The quality of life depends on several factors that affect people’s health. With the fast paced lifestyle that the many are practicing, the public is at risk of developing diseases if they do not make changes on unpleasant ways. The United States has a private health care system (is the only wealthy, industrialized nation that does not have a universal health care system) with government legislation mandating that everyone have some form of insurance. Access to health care changes from state to state and on factors such as income and occupation.
Here are some facts about health and health care in the United States:
Human Development Index is one of the main ways of seeing how healthy a society is. It includes factors such as life expectancy and well being but also factors not directly related to health like literacy rates. The state with the highest human development index is Connecticut with 0.962. The lowest is Mississippi with just 0.867. Despite being much lower, even Mississippi is in the UN calculated Very High category.
The highest life expectancy of any state is in Hawaii where you can be expected to live until 81 and a half. In the mainland 48 states, the highest is in Minnesota with a life expectancy of 80.9. The lowest life expectancy is in Mississippi at just 74.8 years.
The most obese state is Mississippi, where 34.4% of adults are obese. The least obese is Hawaii, with 20.7%. Notice this matches precisely with life expectancy. The least overweight state is Colorado, yet still, 55% of adults are obese. The most overweight state is Mississippi again with 67.4%. In children Mississippi isn’t doing as badly as other states, the worst is Delaware, where 22.8% of kids are obese. The healthiest children are in Utah, where only 8.5% are overweight.
The state with the highest fertility rate is Utah, where each woman can be expected to give birth to 2.449 babies in her lifetime. The least fertile is Rhode Island, where the average is just 1.63 children.
The most common cause of death in the United States was health disease at 25% of all deaths. The second most common was cancer, at 23%.
A fifth of Americans now meet the federal guidelines on working out, which is 2 and a half-hour of aerobic activity a week.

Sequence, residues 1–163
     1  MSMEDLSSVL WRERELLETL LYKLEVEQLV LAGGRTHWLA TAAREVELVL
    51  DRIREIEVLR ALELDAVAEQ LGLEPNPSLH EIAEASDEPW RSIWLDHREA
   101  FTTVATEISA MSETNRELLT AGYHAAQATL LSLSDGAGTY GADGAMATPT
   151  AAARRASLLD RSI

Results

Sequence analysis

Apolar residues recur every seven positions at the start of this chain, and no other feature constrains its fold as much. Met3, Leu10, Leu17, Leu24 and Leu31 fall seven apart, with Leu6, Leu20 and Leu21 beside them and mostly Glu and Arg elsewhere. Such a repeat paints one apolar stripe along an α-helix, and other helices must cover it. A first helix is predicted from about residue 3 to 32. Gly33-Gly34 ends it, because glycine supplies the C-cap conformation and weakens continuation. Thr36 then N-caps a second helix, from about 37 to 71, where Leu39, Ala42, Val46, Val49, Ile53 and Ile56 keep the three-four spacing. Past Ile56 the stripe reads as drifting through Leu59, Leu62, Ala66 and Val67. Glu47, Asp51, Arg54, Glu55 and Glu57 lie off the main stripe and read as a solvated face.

About 20% of the US smokes, which hasn’t been affected by smoking bans and tax hikes on cigarettes. Smoking is more common among American men than women.
Safe sex campaigns in schools appear to be having an impact: In 2009, 61% of high school students who were sexually active said they were having safe sex, compared with 46% in 1991.
11% of American adults have diabetes, and 30% of those aged 65 or older.
Interesting Facts about Health around the world
The highest body temperature
The highest body temperature was recorded in 1980 to a man named Willie Jones from Atlanta, Georgia. When admitted to the emergency room, his temperature was equal to 46.5C/115F. The patient survived and was discharged from the hospital after 24 days.
The lowest body temperature
The lowest documented temperature of the human body was recorded on February 23, 1994, in Regine, Saskatchewan Ave., Canada, with 2-year-old Karlie Kozolofsky. The door of her house was accidentally locked, and Karlie remained in the cold for 6 hours at a temperature of -22C/-7.6F, her body temperature was 14.2C/57.56F.
2533 foreign bodies were found in the stomach of a 42-year-old woman who was suffering from obsessive ingestion of objects, including 947 safety pins. At the same time, the woman complained of “mild abdominal pain.”
A certain K. Kilner from Zimbabwe took the largest number of pills. In his 21 years of treatment, he took 565,939 pills.
The most injections were delivered to Samuel Daydson from the UK. In all his life he was given at least 78,900 doses of insulin.
The most operations were carried out by Charles Jensen from the United States. In the period from 1954 to 1994, the doctor did to him 970 neoplasm removal operations.